Bloomberg recently reported that Canada admitted 321,065 permanent residents last year. This is up 12% from 2017, where the country admitted 286,479. Last year was also the largest cohort since 1913 (the year before World War I), where the country admitted just over 400,000 people.
Here is a chart from Bloomberg (it is interactive if you click through):
Of course, Canada was a much smaller country back in 1913 (about 7.6 million people), and so on a percentage basis we are much lower than where we were at the beginning of the 20th century. We’d have to admit close to 2 million permanent residents a year to get to a similar rate.
And that is not what is in the books. Here are the projected admissions for 2019 to 2021. All of the below stats are from the 2018 Annual Report to Parliament on Immigration.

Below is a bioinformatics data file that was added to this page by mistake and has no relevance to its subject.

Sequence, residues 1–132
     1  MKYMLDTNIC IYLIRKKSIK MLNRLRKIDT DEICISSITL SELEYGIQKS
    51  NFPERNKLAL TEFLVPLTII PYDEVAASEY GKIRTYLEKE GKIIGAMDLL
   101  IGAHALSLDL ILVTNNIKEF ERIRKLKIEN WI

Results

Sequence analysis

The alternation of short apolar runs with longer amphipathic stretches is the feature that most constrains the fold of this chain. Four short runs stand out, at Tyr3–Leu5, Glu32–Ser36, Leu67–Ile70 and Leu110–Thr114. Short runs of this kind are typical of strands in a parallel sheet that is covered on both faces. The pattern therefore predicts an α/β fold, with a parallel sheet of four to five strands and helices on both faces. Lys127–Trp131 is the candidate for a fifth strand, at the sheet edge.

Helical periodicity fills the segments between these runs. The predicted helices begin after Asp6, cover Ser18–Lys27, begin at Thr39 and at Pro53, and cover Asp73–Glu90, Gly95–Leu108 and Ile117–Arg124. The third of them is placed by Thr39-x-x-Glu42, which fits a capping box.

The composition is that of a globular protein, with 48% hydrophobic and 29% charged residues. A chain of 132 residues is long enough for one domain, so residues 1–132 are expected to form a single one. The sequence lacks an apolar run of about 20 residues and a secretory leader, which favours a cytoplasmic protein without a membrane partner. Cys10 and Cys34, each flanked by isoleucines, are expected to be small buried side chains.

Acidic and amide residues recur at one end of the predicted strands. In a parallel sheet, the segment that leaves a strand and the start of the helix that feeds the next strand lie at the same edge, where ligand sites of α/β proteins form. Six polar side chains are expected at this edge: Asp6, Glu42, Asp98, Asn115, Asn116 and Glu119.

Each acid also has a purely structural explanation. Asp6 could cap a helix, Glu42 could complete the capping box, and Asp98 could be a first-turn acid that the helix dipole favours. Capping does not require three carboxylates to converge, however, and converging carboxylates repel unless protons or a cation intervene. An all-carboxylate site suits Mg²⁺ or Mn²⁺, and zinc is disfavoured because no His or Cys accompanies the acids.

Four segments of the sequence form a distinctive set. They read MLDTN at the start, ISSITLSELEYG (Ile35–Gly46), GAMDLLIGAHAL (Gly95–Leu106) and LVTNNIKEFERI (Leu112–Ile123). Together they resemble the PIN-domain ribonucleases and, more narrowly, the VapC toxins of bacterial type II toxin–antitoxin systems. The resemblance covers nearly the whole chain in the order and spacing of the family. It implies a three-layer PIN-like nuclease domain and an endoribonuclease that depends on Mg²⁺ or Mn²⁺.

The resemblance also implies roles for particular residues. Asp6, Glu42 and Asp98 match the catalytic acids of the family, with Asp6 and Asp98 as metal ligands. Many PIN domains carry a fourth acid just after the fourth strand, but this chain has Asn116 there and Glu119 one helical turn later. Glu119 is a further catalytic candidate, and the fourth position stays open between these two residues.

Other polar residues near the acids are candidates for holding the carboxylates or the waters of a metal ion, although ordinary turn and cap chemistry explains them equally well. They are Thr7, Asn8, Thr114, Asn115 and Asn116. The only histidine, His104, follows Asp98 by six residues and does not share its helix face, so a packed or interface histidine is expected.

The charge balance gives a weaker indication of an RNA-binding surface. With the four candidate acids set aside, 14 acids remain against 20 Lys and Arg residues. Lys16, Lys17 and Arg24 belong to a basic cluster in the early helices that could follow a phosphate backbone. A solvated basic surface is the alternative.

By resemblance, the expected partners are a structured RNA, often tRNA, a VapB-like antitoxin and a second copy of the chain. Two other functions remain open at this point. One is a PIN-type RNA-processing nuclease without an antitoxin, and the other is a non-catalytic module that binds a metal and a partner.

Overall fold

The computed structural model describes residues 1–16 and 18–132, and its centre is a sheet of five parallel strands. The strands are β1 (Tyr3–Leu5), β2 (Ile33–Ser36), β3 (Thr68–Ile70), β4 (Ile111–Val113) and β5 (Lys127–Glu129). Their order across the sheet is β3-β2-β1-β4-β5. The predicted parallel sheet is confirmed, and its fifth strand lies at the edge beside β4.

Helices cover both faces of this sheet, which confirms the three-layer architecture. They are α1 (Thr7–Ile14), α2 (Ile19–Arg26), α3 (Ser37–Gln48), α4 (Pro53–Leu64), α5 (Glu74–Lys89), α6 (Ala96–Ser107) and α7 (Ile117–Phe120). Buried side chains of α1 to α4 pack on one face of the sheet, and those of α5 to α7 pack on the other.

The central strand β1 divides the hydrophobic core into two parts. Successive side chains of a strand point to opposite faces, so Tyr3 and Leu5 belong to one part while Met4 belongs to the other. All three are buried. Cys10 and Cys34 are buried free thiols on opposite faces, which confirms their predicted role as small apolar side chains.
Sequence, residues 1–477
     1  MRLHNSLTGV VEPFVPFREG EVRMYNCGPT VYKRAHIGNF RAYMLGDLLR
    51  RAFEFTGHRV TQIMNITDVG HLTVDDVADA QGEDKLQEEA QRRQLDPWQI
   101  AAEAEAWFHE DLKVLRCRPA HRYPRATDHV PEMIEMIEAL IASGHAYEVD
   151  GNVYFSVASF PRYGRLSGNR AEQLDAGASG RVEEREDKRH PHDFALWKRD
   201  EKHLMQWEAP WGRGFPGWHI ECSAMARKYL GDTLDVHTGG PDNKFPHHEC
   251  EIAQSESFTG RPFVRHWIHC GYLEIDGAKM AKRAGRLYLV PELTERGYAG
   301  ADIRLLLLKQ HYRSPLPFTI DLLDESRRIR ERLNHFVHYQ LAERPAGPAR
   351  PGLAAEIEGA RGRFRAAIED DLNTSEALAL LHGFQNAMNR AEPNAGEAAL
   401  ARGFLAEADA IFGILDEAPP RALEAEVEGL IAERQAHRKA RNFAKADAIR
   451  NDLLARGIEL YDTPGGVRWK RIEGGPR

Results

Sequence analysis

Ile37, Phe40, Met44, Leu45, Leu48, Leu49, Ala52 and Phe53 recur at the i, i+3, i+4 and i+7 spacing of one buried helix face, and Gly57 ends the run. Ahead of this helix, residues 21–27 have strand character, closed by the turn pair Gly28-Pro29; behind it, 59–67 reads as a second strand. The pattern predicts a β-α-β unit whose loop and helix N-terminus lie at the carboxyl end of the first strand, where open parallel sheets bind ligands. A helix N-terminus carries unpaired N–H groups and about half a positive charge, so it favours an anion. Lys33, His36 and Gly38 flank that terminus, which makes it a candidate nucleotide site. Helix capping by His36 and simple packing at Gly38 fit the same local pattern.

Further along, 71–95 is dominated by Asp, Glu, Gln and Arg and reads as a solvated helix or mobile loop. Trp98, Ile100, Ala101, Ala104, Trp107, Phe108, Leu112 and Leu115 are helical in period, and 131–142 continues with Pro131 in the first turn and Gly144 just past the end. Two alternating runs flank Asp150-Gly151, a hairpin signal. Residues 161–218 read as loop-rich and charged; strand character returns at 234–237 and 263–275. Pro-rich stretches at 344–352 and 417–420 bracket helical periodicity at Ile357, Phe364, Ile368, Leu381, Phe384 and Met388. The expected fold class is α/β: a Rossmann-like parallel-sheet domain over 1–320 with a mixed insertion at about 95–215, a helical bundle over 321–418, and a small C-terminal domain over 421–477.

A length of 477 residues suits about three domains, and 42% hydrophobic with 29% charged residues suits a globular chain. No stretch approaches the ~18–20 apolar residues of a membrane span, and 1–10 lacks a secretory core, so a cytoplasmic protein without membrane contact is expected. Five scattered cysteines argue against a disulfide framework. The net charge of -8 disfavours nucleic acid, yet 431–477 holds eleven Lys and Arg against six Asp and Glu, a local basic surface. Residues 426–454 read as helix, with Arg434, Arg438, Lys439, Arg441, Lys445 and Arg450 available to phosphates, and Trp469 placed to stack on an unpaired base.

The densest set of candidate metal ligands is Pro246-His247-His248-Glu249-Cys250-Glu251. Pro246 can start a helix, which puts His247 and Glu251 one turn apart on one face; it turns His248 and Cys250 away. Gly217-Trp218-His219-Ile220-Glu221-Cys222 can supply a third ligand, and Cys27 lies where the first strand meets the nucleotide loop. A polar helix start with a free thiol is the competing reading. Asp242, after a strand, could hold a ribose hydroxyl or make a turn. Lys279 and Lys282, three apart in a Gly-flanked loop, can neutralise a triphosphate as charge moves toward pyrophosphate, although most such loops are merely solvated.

I couldn’t find a geographic breakdown for last year, but in 2017, about 40% of admitted permanent residents (or 111,925 total) ended up in Ontario and about 72% ended up in Ontario, Quebec, and Alberta (the top 3 provinces for this year). If we add in BC, it brings this figure up to 86%.
Here are also the top 10 countries of origin:
If you’d like to download a PDF of the full report, you can do that here.